I’d seen a version of Denis’ lecture before, but I think this one was better – though sadly lacking the gag about Denis being one of Richard Dawkins’ PhD examiners. It did a nice job of introducing the congress by explaining that many of the central dogmas of genetics and evolutionary biology, at least as perceived by dim people like me, are over-simplified (and even downright wrong). This, Denis argued, meant that physiology – the study of function in systems and organisms – was still central, and still essential. It was an excellent rallying cry, though again I had the feeling that, while we wanted to believe him, we were still a bit dubious as to whether a new dawn of plenty for physiology was around the corner.
The future of teaching – High tech from top to bottom
Apart from feeling ‘squeezed out’ by other trendier and more molecular disciplines, the other central challenge facing many working University physiologists might well be ‘teaching overload’. Physiology remains popular with life science undergraduates, and also still needs to be taught to seemingly ever-expandingnumbers of students in healthcare professional degrees. But as student numbers rise, and staff numbers fall, the problems of less people doing more work are obvious.
One of the things Deans and other senior types tend to tell you when you mutter about this is that ‘technology will provide the solution’. With this in mind I trotted along to a session this morning on New Technologies in Physiology Teaching, which was interesting, but also rather terrifying. I learned, inter alia, that you can wire yourself up and post your physiological variables to your Facebook page (don’t expect me to be doing this any time soon). I also learned that the ‘Pillcam’ cameras that you can swallow to provide a photo readout over many hours as the pill ‘proceeds’ through your GI tract top-to-bottom are now only a few hundred dollars (or other currency). The speaker, my old mate Prof Phil Poronnik from Sydney, opined this would make for a great GI physiology practical. Though you probably wouldn’t want to be the second person to be the experimental subject.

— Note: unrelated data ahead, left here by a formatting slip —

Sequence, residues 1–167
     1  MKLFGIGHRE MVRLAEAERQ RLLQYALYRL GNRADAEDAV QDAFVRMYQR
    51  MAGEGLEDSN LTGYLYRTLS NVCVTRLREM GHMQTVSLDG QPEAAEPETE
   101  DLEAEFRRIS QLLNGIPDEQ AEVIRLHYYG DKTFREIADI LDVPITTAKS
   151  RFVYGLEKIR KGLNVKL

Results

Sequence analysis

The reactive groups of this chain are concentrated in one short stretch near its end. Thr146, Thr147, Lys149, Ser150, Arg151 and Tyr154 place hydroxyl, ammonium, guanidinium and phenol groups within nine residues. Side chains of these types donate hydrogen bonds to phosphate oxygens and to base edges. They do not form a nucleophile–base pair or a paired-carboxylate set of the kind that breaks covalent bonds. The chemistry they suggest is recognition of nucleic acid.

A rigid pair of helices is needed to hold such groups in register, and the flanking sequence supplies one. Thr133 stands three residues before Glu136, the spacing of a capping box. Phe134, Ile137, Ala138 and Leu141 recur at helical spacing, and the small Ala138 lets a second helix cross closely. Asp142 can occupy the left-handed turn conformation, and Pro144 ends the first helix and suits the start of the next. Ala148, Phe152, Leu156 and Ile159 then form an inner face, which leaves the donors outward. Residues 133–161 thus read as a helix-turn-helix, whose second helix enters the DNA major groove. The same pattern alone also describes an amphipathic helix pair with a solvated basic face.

One questioner pointed out another snag, namely, what if the pictures showed something untoward-looking?
Which reminded me of the only time in my three decades in the trade that something slightly analogous to this happened in a class I was running. This was a 1st year medical student pulse and blood pressure practical some time in the early to mid 90s.
As I was wandering round officiating, or more accurately trying not to catch anyone’s eye, a puzzled-looking student called me over. ‘He’s got a double pulse’, he said, pointing to his slightly nervous-looking lab mate. And he had – feeling the second student’s pulse at the wrist, there was a double pulse wave, then a gap, then another double wave.
I didn’t have a clue what that could mean.
The student asked the obvious question:
“Am I alright? Is there something wrong?”
To which all I could think of to say was:
“Well, you look pretty healthy to me”
But I could see I would have to do better than that. I had a brainwave.
“I don’t know what that pulse pattern means, but I know a man who might. The Prof. He’s medically qualified”
With which I dashed off to find the Professor of Renal Physiology, the only man in our physiology department possessing a medical degree.
The Prof, when I’d found him, came and felt the student’s pulse.
“Do you drink a lot of coffee?” he asked.
“No. I don’t like coffee.” said the student, who was now looking distinctly worried.“Does that mean something? Am I alright?”
“Well” said the Prof, looking the student up and down with the eye of an experienced clinician “you look pretty healthy to me”.
Sometimes, as they say, it is less the words, than who the person is that is saying them.